World Lacrosse Championship - ti communication trainer Philip Werner on his intercultural experiences as a participant of this sporting event

World Lacrosse Championship - ti communication trainer Philip Werner on his intercultural experiences as a participant of this sporting event

In July of this year, one of the largest ball sport tournaments took place in Denver (USA): the men’s world lacrosse championships.

You missed the big event? You’ve never even heard of lacrosse? Well, you aren’t alone. In Germany and all of Europe, lacrosse has not yet hit the mainstream. But you can seize the opportunity and follow me into the heart of the lacrosse world and discover the intercultural challenges surrounding such a trip.

What is lacrosse and where does it come from?
Lacrosse is a team sport that is played with a stick equipped with a mesh net and a tennis ball-sized hard rubber ball. Two teams of ten field players each try to score more goals than the opponent. Body contact, including with the stick, is permitted. This ball sport was invented by the Native Americans on the east coast of the USA. Via labyrinthine paths, missionaries and English boarding schools, the sport, which originated as a Native American healing ritual, found its way back to the elite east-coast colleges of the USA.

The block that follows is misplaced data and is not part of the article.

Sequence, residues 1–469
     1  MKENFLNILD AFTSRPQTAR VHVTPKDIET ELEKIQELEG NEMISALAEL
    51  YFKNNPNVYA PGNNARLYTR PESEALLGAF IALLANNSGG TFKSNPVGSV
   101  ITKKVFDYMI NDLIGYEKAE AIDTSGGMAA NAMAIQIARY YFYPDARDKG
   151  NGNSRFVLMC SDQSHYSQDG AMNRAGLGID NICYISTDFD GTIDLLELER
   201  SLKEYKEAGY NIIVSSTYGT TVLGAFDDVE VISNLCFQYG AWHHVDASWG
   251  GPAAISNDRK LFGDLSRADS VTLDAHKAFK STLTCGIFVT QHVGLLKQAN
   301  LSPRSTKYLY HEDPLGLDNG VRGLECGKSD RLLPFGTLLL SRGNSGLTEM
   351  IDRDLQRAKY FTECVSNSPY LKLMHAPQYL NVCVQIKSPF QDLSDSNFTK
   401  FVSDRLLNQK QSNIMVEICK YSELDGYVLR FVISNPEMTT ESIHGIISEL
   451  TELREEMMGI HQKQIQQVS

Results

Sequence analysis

Today, lacrosse is the fastest-growing sport in the USA, and even internationally, new national associations are cropping up at an amazing speed. Just 30 years ago, only four teams took part in the world championships. Meanwhile, the event has become a great festival of nations, with participants from almost all regions of the world. This year, Uganda was the first African team to compete.

On the field as an intercultural trainer
As an intercultural trainer, during my participation as an active player in the biggest world lacrosse championships to date, I had, of course, my trainer’s glasses on and was able to experience quite a bit. As early as the opening ceremony, cultural differences with regard to clothing and behaviour quickly became evident. The Asian teams seemed to shy away from the sun, and we Germans remained in the shade on the simple grounds of professional preparation for the tournament, while the team from Uganda, armed with drums, danced in the sun for an extended period and completely savoured the event. The Norwegian team showed up in sweaters of the same name, the Scots came in kilts, the Austrians – much to the joy of the American spectators – all wore lederhosen and the Ugandan players trumped everyone with their colourful tribal robes. What was behind the multifaceted fashion show? Self-inflicted stereotyping, perhaps, yet without a negative aftertaste. Generally, the spirit of the games was always positive, and everyone applauded and cheered the other nations.

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